Ottawa, June 15, 2017 – As a result of a whistleblower coming forward, Public Sector Integrity Commissioner, Joe Friday, found wrongdoing at the Department of Fisheries and Oceans Canada (DFO). In his report, tabled in Parliament today, Commissioner Friday finds that the former Director of the Conservation and Protection (C&P) branch in the Maritimes Region as well as its regional and national management failed to take necessary and appropriate action to respond to a clear and demonstrated health and safety issue.
“DFO knew that Fishery Officers were exposed to excessive noise levels that could cause hearing loss,” stated Commissioner Friday in his report, “yet affected employees were not informed of the danger, were not given any directions or guidance to mitigate the danger, nor issued hearing-protection equipment in a timely manner.”
The Director waited seven months to advise employees to wear hearing protection on DFO Maritimes Region program vessels. The Director and DFO management received a report on November 05, 2013 that contained the results of a Noise Assessment of DFO Maritimes Region program vessels that had identified the existence of a noise hazard and that recommended that employees wear hearing protection. Affected employees were only advised on June 16, 2014 of the noise hazard and the requirement to wear hearing protection.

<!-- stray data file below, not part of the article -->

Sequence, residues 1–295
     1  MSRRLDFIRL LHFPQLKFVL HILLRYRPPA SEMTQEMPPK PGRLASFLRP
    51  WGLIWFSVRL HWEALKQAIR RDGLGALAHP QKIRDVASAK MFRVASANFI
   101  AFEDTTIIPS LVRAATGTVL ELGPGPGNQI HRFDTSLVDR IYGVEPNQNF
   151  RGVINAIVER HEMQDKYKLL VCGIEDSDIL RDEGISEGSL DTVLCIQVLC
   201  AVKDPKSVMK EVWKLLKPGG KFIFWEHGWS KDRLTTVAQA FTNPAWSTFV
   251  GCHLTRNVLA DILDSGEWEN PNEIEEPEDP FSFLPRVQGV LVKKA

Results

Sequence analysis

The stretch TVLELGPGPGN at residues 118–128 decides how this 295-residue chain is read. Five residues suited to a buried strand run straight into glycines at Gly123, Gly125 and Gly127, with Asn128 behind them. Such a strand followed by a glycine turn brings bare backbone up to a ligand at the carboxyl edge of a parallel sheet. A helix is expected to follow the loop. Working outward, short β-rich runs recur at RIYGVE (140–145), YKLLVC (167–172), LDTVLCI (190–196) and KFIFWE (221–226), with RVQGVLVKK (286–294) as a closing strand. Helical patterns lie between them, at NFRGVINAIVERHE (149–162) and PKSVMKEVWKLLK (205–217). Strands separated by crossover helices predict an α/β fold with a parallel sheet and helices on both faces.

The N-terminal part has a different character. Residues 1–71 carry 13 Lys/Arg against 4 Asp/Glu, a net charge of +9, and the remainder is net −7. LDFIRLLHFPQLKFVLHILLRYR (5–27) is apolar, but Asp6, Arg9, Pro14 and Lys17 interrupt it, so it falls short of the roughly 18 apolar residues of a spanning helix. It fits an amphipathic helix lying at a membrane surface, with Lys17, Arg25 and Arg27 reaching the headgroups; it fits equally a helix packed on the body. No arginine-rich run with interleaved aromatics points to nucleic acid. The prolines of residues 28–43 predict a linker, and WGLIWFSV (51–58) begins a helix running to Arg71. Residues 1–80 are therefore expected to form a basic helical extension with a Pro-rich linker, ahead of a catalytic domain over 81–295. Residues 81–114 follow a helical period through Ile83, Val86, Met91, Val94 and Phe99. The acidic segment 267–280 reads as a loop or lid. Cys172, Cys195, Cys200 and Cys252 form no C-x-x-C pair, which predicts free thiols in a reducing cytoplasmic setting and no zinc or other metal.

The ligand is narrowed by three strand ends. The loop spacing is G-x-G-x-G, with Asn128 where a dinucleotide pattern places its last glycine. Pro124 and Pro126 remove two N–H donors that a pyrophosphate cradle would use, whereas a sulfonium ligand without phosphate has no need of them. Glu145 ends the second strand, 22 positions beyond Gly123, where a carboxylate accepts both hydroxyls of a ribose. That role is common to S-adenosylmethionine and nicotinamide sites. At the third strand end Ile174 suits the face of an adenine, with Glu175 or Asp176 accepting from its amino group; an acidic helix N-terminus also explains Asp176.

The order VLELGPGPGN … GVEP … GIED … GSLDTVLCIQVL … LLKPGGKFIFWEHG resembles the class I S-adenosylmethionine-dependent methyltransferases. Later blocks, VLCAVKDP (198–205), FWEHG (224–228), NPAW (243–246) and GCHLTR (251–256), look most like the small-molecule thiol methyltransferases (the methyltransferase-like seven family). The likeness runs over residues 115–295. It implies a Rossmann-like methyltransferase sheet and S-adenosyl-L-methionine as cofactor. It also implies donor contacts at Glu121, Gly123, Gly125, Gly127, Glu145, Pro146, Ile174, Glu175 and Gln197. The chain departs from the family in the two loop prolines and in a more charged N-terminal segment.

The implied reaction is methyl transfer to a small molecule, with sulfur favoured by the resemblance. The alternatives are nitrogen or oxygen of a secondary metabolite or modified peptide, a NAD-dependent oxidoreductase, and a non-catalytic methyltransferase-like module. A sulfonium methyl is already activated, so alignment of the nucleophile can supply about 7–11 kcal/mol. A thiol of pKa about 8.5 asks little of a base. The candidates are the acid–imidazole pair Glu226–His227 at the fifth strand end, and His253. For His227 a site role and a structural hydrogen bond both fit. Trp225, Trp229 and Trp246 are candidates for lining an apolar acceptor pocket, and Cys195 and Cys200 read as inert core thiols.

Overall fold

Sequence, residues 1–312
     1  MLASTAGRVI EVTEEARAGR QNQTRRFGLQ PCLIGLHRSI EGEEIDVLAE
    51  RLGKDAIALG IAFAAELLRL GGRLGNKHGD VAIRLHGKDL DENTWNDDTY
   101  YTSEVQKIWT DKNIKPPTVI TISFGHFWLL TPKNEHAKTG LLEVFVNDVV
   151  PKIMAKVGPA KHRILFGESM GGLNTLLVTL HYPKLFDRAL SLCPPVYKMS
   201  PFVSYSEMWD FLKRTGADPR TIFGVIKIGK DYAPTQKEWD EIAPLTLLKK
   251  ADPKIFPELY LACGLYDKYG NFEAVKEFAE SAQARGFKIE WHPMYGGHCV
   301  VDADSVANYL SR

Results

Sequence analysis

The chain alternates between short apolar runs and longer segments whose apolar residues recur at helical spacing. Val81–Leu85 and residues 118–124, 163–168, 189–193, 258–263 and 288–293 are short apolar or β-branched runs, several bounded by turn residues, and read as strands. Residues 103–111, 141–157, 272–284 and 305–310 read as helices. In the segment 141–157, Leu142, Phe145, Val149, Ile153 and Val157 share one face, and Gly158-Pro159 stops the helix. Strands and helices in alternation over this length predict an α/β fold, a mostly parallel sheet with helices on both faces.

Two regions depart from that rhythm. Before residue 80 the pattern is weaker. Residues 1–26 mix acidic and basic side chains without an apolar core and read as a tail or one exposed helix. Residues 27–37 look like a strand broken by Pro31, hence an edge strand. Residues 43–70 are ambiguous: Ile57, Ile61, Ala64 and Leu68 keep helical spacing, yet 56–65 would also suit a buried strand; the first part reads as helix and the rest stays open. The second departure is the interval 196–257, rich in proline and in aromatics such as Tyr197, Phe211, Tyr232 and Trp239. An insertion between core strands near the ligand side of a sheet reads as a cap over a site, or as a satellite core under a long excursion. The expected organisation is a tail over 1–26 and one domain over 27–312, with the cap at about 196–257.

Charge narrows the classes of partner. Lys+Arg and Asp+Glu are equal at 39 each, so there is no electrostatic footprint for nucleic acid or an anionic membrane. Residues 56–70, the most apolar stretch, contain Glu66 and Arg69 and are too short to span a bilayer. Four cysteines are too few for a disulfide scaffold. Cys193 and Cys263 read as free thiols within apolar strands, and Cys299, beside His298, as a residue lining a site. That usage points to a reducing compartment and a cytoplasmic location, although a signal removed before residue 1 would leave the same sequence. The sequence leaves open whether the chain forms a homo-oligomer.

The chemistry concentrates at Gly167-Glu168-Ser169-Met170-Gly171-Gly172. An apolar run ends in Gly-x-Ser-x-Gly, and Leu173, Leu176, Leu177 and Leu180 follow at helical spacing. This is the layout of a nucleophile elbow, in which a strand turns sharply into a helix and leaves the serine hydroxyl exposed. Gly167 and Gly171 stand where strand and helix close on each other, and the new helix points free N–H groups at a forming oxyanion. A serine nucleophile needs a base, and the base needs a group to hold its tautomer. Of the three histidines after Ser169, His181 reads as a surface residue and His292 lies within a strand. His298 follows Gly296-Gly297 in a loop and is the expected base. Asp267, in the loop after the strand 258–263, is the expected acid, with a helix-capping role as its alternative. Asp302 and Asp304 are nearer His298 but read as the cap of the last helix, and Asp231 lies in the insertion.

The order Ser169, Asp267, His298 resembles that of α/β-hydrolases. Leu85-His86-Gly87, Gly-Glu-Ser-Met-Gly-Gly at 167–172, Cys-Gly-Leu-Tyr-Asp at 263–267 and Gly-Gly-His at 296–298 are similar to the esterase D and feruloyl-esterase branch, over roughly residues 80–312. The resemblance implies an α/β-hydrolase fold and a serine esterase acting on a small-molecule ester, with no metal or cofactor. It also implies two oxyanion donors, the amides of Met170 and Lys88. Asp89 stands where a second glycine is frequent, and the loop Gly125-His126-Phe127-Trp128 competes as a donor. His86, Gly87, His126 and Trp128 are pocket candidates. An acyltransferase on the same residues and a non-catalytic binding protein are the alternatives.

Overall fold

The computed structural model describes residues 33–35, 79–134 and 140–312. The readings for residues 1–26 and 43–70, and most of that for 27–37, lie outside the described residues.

The Director’s rationale for withholding this information was to address the results of the noise assessment from a national perspective first, based on the belief that all DFO employees across Canada could potentially be affected. However, the delay was caused by a lack of clear and concise direction as well as a lack of appropriate and timely follow-up action by management.
“This case report can serve as a caution that long-term goals of establishing national approaches within federal organizations cannot come at a cost to employees’ health and safety.” added the Commissioner.
Please consult the case report for further details.
Commissioner Friday also tabled his 2016-17 annual report today which highlights his Office’s operational activities, the legislative review of the Public Servants Disclosure Protection Act and an important research paper on the fear of reprisal.
“These operational achievements reflect my Office’s commitment to respond to disclosures and reprisal complaints in a timely and fair manner,” stated the Commissioner in his report. “This year has been one of tremendous activity and progress for my Office, and for the federal whistleblowing regime.”
Read the full 2016-17 Annual Report.
For more information, contact:
Office of the Public Sector Integrity Commissioner of Canada